In the same year that DSM-III was published (American Psychiatric Association, 1980
), Julius Richmond, then Surgeon General in the President Carter Administration, reported on the remarkable achievements in addressing the needs of citizens with intellectual and developmental disability (ID/DD) in the United States. Major advances had begun in the preceding two decades, beginning in 1961 with the establishment of the President’s Panel on Mental Retardation by President Kennedy at the urging of his sister Eunice Kennedy Shriver. Subsequent benchmark legislation in 1963 led to a further impetus for development of a national plan and programs to fight ID. Richmond observed, “For the first time in our history, the Federal government committed the resources of the nation on a large scale to enhancing the well-being of some of its least fortunate citizens”
(Szymanski, Tanguay, 1980
In the intervening 50 years, there has been a dramatic amelioration of the life circumstances of persons with ID/DD in the United States, with improvements in inclusionary education, assisted employment, housing, and recreational opportunities. The National Association for Persons with Developmental Disabilities and Mental Health Needs (NADD), established in 1983, has provided a national and international forum for mental health professionals to exchange evidence-based knowledge on mental health issues. NADD has also recently published a Diagnostic Manual on Intellectual Disability (DM-ID) (Fletcher, Loschen, Stavrakaki, First, 2007
) with involvement of key leaders worldwide in order to disseminate more accurate DSM-IV-TR (American Psychiatric Association, 2004) diagnoses in persons with ID/DD. Despite these achievements, mainstream interest among psychiatrists in the United States has remained low. For optimal care of persons with ID/DD, psychiatrists need to contribute as members of interdisciplinary teams and dissemination of knowledge in the training of mental health professionals is of paramount importance (Bouras, 1999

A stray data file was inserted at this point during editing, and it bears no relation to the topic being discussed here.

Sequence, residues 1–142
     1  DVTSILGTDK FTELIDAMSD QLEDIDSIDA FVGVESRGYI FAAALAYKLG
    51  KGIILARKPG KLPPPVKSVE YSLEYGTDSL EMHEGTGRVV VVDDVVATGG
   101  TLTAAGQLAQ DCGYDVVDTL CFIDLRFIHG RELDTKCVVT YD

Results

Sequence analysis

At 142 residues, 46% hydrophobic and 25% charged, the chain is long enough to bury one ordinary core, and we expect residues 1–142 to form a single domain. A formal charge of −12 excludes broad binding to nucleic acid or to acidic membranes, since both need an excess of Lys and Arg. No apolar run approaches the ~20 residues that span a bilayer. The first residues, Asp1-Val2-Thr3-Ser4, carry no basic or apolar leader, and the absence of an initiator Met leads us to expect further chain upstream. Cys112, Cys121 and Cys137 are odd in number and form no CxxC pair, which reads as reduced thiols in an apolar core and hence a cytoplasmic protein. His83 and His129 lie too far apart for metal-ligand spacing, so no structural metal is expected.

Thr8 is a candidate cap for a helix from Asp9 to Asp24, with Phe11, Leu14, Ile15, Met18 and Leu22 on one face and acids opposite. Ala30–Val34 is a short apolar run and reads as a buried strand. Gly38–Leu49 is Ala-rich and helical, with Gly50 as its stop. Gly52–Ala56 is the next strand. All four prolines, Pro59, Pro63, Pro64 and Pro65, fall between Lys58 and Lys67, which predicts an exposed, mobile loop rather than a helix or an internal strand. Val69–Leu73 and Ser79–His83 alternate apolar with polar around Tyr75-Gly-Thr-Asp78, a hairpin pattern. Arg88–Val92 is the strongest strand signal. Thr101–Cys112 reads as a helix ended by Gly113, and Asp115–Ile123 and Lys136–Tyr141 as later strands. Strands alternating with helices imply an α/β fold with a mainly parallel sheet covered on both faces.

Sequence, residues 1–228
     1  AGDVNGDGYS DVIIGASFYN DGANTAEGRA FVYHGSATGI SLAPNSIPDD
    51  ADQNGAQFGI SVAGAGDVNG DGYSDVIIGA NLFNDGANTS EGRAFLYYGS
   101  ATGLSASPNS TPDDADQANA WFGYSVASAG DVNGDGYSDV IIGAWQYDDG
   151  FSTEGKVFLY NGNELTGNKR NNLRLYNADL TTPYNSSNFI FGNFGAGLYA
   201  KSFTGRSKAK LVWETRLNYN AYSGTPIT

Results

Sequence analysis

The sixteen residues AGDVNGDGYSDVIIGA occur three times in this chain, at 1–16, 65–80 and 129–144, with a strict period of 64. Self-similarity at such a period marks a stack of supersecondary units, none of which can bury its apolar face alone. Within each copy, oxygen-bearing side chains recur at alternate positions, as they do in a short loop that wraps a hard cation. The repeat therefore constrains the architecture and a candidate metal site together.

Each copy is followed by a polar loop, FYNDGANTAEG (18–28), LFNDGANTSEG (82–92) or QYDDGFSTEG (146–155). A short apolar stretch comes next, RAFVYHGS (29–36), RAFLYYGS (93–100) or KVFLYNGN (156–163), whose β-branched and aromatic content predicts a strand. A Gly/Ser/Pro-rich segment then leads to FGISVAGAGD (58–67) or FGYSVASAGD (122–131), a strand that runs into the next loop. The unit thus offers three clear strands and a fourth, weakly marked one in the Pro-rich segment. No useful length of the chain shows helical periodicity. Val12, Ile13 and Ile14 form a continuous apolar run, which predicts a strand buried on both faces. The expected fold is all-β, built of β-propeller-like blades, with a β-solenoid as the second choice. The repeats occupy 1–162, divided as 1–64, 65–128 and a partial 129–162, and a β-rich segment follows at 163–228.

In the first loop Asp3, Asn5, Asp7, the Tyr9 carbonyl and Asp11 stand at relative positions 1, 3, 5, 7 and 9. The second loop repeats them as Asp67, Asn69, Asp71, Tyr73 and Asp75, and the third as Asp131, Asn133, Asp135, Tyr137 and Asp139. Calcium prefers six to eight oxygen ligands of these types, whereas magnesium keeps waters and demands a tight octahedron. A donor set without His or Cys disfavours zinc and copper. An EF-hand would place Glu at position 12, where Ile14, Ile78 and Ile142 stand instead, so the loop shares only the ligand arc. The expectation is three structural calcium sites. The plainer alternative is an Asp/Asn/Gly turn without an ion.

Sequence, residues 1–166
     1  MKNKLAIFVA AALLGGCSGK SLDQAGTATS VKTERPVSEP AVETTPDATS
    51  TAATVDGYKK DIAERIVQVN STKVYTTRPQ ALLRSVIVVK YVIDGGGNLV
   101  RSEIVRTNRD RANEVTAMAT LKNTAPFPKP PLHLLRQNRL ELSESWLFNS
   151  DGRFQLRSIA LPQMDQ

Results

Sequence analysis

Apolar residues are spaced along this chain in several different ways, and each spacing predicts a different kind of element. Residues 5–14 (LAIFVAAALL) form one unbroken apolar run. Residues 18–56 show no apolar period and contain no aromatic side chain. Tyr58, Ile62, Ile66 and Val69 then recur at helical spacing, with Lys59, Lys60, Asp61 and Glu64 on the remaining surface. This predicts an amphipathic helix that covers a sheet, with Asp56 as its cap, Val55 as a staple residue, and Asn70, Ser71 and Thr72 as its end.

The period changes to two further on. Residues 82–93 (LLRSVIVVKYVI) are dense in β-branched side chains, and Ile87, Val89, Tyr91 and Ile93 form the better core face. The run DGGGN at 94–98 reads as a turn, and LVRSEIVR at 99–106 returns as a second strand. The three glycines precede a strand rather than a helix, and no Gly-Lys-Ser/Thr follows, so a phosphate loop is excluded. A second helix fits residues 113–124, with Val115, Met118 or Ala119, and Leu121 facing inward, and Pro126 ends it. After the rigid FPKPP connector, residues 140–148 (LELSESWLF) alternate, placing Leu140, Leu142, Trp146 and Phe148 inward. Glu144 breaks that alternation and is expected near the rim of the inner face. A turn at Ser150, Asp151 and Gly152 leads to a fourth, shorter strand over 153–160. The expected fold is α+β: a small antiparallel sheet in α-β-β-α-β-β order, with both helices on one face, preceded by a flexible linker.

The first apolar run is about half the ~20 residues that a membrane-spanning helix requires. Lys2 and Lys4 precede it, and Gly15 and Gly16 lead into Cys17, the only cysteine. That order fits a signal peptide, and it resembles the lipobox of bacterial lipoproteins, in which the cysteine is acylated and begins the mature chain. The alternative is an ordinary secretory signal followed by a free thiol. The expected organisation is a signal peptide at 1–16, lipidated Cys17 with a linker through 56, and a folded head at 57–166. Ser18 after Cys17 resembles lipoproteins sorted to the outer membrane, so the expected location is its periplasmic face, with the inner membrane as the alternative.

). Through specific committees, both the American Psychiatric Association (APA) and the American Association of Child and Adolescent Psychiatry (AACAP) have regularly published assessment guidelines and evidence-based practice parameters for the care of persons with ID/DD. There is therefore recognition of the duty of psychiatrists to respond to the mental health needs of persons with ID/DD. There is also consensus on the lack of training in ID/DD. Almost 20 years ago, an important APA Task Force on Psychiatric Services to Adult Mentally Retarded and Developmentally Delayed (1991) had also underscored the shift in care from institutions and the importance of training psychiatrists to address the needs of persons with ID/DD in their community. Nevertheless, the status of practice, training and research in psychiatry of ID/DD remains unplanned, especially compared with the current situation in the UK, Ireland, Canada and Australia, each with formal Sections on Psychiatry of ID/DD with credentialing requirements for subspecialty training and regionalized community care.
The existence of separate service structures in mental health and ID/DD in the United States presents important challenges in addressing the mental health needs of persons with ID/DD. Responsibilities remain diffuse, resulting in fragmentation and deficiency in services (Freedom Commission, 2006; Fletcher, 1999
; Leismer, 1989). The prospect for establishing formal subspecialty training track in psychiatry of ID/DD in the United States, at best, is a work in progress. The residency training programs currently provide part-time rotations in ID/DD predominantly to help build capacity and confidence among trainees and to satisfy overall certification needs by the Accreditation Council for General Medical Education (ACGME). When exposed to persons with ID/DD, the trainees consistently value their clinical experiences as being formative, yet many are unable to pursue post-residency practices involving persons with ID/DD (Ruedrich et al, 2007
First, I discuss the historical development of two mutually exclusive ID/DD and mental health care systems in the United States beginning with the Kennedy era reforms. Second, I consider a number of historical and contemporary contributing factors that maintain the status quo for a lack of an organized training in psychiatry of ID/DD. Underlying historical legacy include lack of interest and training in ID/DD, view of ID/DD as being static, and influence of psychoanalysis in psychiatric training. Underlying contemporary factors include the lack of a developmental perspective in DSM-III, difficulty in integrating psychiatry within an interdisciplinary framework, difficulty in integrating psychiatry within a fragmented care system, and lack of incentives for training of psychiatrists in ID/DD. An organized subspecialty in psychiatry of ID/DD can help rectify this lack of convergence.